As we all know, digital technology ー and social media in particular ー has hugely changed the ways we communicate and who we interact with. Technology makes it easier to connect with our interests, or the groups we identify with.
Some of you recognised – in social media, online communities, forums or chatrooms – an example of how Article 15 of the Convention, on freedom of association, can be better enacted in the digital age: “digital technology helps [the] right to meet, make friends with, and form groups with other people” (Malaysia, 17). This includes connecting with minority groups, which is why some Agents also felt that technology helps implement Article 30 – which is about your right to preserve your own culture, language and religion as a minority.
But again, there were contradictions: Agents also viewed the internet as both a result of and factor in globalisation; and globalisation can present a threat to minority cultures, languages and traditions.
“With help from social media they can have easier contact with others of their group and because of internet they can gather information about the group.” Belgium, 17
“[Technology interferes with] the right to learn and use languages and customs of their family (…) as children will be obsessed with the new trends and they would not follow the family tradition.” Malaysia, 16
The right “to socialise with other people online”, “to make friends through social media” or even “to talk to people who are far away” are just a few examples of how you considered social interaction as being an important right in the digital age. However, while you were clear about the positive impact of technology on ‘freedom of association’ and the right to stay in touch with specific groups, many of you ー often the same Agents who expressed these positive aspects ー also mentioned how technology interferes with social and family relationships.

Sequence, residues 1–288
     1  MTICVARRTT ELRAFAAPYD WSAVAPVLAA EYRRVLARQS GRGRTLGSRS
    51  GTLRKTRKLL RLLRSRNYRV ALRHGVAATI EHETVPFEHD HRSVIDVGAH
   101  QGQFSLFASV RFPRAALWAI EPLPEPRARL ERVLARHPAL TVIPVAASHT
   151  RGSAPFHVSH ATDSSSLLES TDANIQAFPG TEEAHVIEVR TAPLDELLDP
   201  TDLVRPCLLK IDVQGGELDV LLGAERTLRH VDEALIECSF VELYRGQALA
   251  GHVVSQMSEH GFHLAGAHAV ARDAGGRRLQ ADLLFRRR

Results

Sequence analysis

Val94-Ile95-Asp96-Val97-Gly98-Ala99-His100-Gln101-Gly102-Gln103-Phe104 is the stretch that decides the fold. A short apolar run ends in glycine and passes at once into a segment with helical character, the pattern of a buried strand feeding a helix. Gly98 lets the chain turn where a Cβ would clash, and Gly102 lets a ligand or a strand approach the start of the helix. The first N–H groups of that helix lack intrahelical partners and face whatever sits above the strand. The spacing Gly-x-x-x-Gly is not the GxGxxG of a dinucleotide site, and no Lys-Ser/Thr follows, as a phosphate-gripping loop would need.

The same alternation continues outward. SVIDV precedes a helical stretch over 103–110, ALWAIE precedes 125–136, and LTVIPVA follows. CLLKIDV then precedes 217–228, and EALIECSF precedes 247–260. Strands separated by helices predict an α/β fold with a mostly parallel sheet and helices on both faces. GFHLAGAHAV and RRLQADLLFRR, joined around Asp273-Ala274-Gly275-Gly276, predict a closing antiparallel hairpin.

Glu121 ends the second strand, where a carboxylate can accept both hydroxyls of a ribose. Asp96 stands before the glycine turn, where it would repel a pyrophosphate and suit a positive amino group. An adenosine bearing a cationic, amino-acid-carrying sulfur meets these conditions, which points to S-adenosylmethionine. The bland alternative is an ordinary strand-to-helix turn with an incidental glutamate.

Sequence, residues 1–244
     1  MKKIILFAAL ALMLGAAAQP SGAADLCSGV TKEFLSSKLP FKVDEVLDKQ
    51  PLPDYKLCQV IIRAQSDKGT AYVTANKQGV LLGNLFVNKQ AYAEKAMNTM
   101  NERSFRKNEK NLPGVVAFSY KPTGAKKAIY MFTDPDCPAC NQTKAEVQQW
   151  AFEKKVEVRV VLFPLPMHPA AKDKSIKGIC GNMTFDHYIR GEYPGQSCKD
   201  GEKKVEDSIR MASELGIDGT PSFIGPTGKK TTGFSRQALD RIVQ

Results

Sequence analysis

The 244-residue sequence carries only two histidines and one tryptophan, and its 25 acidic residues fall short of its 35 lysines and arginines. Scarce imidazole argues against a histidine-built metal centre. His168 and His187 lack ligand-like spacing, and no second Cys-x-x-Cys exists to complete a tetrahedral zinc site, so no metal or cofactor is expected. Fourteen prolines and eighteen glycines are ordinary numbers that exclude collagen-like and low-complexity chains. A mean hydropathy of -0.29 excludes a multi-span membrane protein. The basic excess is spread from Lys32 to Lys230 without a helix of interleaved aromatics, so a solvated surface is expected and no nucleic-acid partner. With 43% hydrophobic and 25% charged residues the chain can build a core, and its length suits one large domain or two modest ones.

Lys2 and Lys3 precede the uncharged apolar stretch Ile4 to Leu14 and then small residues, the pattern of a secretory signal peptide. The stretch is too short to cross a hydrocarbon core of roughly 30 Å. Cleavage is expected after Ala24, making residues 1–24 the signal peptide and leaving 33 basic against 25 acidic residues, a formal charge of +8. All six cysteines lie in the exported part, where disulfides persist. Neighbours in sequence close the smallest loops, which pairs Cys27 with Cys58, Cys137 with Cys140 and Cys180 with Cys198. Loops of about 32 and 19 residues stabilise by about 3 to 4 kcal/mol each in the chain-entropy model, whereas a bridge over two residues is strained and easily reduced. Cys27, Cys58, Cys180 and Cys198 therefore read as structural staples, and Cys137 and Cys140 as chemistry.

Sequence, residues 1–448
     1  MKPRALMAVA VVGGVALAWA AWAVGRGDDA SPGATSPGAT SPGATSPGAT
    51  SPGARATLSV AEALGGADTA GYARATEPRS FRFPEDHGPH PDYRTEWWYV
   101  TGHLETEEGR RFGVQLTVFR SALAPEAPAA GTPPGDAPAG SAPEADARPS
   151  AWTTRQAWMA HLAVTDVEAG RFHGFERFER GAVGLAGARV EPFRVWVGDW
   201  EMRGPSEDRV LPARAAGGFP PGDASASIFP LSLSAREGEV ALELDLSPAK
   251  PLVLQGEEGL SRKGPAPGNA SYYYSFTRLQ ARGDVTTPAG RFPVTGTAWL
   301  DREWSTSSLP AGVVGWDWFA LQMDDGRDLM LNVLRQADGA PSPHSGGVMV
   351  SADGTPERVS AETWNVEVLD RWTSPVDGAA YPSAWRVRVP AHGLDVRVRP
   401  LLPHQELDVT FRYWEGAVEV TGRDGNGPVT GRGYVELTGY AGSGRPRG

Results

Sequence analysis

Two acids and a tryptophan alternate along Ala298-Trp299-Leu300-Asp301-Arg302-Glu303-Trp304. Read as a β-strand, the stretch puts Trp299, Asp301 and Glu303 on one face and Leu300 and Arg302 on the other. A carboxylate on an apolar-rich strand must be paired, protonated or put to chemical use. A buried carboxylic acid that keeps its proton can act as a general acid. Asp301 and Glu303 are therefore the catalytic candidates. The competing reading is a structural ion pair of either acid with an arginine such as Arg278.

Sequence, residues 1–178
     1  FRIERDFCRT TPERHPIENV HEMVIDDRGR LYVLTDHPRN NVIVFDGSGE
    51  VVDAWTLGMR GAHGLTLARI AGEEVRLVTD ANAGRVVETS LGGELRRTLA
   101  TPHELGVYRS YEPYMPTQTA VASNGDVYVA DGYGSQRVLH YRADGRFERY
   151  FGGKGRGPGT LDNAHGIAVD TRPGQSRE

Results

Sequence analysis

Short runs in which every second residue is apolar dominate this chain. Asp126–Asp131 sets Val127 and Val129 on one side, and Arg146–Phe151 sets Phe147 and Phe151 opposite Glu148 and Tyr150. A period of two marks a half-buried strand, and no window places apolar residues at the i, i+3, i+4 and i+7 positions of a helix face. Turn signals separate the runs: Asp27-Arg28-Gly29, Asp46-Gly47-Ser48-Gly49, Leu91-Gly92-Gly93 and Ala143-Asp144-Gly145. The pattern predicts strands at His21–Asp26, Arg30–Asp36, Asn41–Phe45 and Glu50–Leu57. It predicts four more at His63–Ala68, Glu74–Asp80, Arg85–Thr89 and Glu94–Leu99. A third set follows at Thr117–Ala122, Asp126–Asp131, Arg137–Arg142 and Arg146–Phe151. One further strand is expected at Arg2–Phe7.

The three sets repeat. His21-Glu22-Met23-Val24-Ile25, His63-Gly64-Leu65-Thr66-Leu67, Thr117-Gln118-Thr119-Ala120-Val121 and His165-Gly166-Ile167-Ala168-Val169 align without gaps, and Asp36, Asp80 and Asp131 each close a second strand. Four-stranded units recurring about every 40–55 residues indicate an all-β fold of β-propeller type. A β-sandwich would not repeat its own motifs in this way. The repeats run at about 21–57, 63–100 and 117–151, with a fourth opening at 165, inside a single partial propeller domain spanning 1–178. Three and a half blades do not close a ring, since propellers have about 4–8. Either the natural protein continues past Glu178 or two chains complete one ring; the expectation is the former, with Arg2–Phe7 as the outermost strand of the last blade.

“[Technology interferes with] social skills as in talking to one another… [because] the more we chat and stay behind this wall called social media the harder it is to connect in the real world, face to face with people. So, the more we connect, the more we disconnect.” Malaysia, 14
“[Technology interferes with] my family relationships… [because] since we all have our own digital technology right now, we don’t talk much as much as we do before.” Malaysia, 17
It’s true that the Convention emphasises the importance of social and family relationships, but is more focused on inclusion and awareness ー the right to know who your parents are, to be raised by family if possible, and to know your culture ー than on socialising.
Your answers made us think: should ‘socialising’ actually be a right? Should more emphasis be put on the importance of social interaction ー both online and offline ー and on learning social skills? And if there is tension between offline and online interaction, does the right to socialise offline need to be protected also? Tell us what you think by posting a comment.
Talking of ‘protection’: does digital technology make it easier or harder to protect children? Find out in our next post about protection from all forms of violence.